For those Griquas who had remained in Griqualand West things came unstuck in the 1870s when diamonds were found at Kimberley and whiteman's greed set in - the territory was annexed to the Cape. Central to this was the discovery of the little known "Natalie Star" a rough, flawless, primrose coloured diamond weighing 350 carats named by Barney Blitz after his lover, a Griqua woman (Natalia Marneweck), whom he called "Mooi Klip" (pretty stone). (Source "Solitaire" by Graham Masterton published 1982).
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Griqualand East Title Deeds
More than anything else it was the Griquas lack of understanding of land title that led to their demise as a nation "ontze nasie".
Listed below is one of several unique and extremely valuable land titles from East Griqualand held by the Balson Holdings Family Trust:
Property, Riet Fontein, purchased by George Charles Brisley 1st July 1879 - East Griqualand
This Grant to Brisley on perpetual quitrent was authorised at Cape Town on 1st July 1879 and carries the official embossed "Public seal of the settlement at Cape Town". The Grant (full document on right) is signed by the Governor and High Commissioner, Sir Henry Bartle Frere and by the Commissioner of Crown Lands. The deed is for the farm "Rietfontein" which measures 1295 morgen in extent in the Mount Currie (Kokstad) district of East Griqualand. The deed has three revenue stamps, four pound, twelve shilling and three penny. The document is owned by the Balson Holdings Family Trust.
Images below: key parts of the original land grant to Charles Brisley
Details of the other land titles held by the Balson Holdings Family Trust can be seen at this link.
Several traders including Donald Strachan used loans, which the Griqua had
no understanding of, to gain their farms through what would be through an
illegal fashion today. Non repayments of the loans for small amounts would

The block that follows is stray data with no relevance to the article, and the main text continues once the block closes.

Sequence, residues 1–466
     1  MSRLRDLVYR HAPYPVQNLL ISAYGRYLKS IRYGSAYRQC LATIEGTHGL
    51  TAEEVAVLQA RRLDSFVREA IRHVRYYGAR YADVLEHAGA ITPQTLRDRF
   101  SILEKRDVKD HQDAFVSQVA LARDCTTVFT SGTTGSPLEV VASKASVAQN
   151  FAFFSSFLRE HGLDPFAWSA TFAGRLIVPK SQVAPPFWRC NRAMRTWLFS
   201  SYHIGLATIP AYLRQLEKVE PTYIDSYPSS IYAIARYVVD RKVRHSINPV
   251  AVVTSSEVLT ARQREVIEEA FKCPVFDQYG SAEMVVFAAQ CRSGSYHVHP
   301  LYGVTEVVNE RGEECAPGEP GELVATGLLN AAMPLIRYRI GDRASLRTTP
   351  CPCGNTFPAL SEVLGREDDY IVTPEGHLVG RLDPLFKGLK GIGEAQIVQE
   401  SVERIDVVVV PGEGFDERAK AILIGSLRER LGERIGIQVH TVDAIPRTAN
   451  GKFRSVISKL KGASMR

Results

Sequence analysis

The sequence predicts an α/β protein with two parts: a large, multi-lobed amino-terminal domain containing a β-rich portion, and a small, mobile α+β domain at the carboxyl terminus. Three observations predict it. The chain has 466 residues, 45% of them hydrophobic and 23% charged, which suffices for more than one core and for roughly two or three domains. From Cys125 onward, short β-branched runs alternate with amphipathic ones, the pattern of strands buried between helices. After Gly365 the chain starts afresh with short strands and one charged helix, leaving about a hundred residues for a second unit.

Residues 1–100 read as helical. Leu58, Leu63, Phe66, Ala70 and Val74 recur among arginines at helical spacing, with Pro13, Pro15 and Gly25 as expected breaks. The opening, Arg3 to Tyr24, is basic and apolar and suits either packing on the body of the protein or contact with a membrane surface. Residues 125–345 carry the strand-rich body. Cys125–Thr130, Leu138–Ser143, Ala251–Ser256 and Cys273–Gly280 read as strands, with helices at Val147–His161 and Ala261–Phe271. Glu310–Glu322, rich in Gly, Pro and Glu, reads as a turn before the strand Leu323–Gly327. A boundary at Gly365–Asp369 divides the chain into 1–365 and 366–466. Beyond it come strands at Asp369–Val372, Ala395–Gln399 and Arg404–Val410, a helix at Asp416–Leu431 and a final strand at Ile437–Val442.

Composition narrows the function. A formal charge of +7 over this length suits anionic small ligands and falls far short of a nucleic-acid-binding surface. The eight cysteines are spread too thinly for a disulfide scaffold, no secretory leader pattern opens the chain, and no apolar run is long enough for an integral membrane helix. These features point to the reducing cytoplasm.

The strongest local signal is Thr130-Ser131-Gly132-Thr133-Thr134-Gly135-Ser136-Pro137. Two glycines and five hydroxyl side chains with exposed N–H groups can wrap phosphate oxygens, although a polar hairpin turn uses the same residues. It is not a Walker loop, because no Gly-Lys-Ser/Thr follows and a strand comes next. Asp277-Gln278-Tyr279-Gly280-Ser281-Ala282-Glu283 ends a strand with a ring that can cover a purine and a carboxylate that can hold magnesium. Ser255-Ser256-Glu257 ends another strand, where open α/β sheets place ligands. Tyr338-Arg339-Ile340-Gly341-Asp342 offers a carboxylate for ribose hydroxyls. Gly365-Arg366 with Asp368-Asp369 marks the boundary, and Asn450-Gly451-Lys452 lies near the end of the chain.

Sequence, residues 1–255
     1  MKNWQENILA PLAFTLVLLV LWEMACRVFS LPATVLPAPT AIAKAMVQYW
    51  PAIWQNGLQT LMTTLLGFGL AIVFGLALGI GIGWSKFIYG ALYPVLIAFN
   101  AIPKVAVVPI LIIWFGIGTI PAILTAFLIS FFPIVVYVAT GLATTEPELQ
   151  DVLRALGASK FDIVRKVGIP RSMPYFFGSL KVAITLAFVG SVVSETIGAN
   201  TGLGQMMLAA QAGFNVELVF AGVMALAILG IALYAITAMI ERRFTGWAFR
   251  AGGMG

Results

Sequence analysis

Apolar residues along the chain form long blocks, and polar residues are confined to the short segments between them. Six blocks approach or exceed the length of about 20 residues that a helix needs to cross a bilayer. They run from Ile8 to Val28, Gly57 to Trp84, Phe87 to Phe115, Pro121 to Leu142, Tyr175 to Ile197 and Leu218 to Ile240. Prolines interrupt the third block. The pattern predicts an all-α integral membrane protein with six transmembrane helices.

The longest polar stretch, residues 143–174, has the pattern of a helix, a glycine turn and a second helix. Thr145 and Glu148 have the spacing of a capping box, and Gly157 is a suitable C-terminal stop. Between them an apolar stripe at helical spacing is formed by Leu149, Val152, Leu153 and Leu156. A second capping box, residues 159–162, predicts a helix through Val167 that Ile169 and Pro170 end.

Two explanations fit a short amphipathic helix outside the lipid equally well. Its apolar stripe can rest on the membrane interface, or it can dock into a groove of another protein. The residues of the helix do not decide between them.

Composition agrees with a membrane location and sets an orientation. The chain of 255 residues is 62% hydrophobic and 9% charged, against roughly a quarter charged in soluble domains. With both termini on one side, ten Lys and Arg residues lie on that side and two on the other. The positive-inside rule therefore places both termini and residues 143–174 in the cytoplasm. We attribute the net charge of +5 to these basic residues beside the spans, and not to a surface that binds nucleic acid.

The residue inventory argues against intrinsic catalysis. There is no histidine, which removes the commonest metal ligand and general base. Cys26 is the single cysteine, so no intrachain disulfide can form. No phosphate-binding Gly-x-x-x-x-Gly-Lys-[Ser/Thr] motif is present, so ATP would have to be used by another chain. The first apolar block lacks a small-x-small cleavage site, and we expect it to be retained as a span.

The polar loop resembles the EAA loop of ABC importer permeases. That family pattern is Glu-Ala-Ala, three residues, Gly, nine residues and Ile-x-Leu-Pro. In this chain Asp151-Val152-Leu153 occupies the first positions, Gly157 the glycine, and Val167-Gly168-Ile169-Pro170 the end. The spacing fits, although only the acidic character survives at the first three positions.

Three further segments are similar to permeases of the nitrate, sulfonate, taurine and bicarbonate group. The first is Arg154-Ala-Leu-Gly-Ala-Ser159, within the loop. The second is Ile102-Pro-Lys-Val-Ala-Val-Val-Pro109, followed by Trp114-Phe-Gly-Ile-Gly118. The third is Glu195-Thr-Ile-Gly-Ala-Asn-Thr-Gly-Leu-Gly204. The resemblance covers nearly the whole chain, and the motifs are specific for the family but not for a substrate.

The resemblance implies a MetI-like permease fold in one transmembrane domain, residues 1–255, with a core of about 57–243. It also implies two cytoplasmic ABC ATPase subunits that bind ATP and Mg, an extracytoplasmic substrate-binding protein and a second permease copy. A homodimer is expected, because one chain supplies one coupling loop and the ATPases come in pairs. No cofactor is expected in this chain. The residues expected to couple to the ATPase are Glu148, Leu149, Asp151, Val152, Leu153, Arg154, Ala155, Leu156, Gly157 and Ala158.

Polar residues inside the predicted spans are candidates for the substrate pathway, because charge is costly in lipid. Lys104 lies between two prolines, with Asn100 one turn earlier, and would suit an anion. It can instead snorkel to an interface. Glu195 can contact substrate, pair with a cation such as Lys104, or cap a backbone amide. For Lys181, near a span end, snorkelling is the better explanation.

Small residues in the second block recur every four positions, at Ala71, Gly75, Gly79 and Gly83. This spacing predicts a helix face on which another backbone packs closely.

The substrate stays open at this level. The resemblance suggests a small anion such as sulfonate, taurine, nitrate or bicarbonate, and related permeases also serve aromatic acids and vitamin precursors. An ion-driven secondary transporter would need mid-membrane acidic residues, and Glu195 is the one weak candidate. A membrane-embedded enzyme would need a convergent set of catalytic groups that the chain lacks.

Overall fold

result in default and the farms would then be legally claimed by the trader.
James Cole acquired phenomenal wealth and land ownership through this unfair
|Lot number||Date Acquired||Farm Name||Griqua Landowner|
|22/1/1885||Umyembe||M de Bruin and J Etchelle|
|A281||7/3/1888||Amsterdam||W van Wyhe|
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Image right: Kokstad today - the road leading into the town
In 1874 the Cape Colonial Government through the appointment of a newly elected British Resident, Joseph Orpen, set out to annex East Griqualand - much to the displeasure of all its inhabitants - white settlers, Griqua and natives alike. Adam Kok remarked at a public meeting in which Orpen set out the terms of annexure, "There you have it... we were not consulted. We can say nothing." Part of the annexation process included determining the legitimacy of all land grants made by the Griquas under Kok - an issue which created much anger amongst the wider community. To make matters much much worse, the well respected Kaptyn, Adam Kok, the Griqua's last recognised leader in East Griqualand, died unexpectedly not long after on the 30th December 1875. This happened while travelling with his family from Kokstad to Umzimkulu to attend a New Year celebration organised by Donald Strachan to divert attention from the travesty of occupation by the Cape. Kok, while leaning across the front of his carriage to whip his horses, fell out over the front and was killed when one of the wagon's wheels went over him crushing his chest.
Captain Blythe arrived in Kokstad in early 1876 and proclaimed that in light of the Kaptyn's death he was now the Chief Magistrate and ruler of the territory. He read out his own commission of appointment while Donald Strachan translated his words into Dutch. A growing mood of despair and anger spread through the assembled Griquas, Blythe's disbanding of the Volksraad or Committee of Twelve which he claimed were trouble makers and his arrogance typified by his statement "I did not desire to come here but I was ordered to come. I have been a soldier of the Queen, and intend to obey. So must you."
The view expressed by the Griquas was that they had been "taken over like cattle or sheep".
During the next few years a high degree of political instability shook East Griqualand. This was further aggravated by Griquas selling their land cheaply to European settlers - the Griquas had literally given away their valuable land holdings (rural farms and plots in Kokstad) in exchange for food, or worse, a bottle of brandy. Eventually in 1878 the British decided to formalise their control of the territory that they had earlier given to the Griquas. This was a move that led to the Griqua rebellion. In 1879, following their defeat by the British the Griqua nation was disbanded and the territory incorporated into the Cape Colony, as mentioned earlier, much to the chagrin of the Governor of Natal.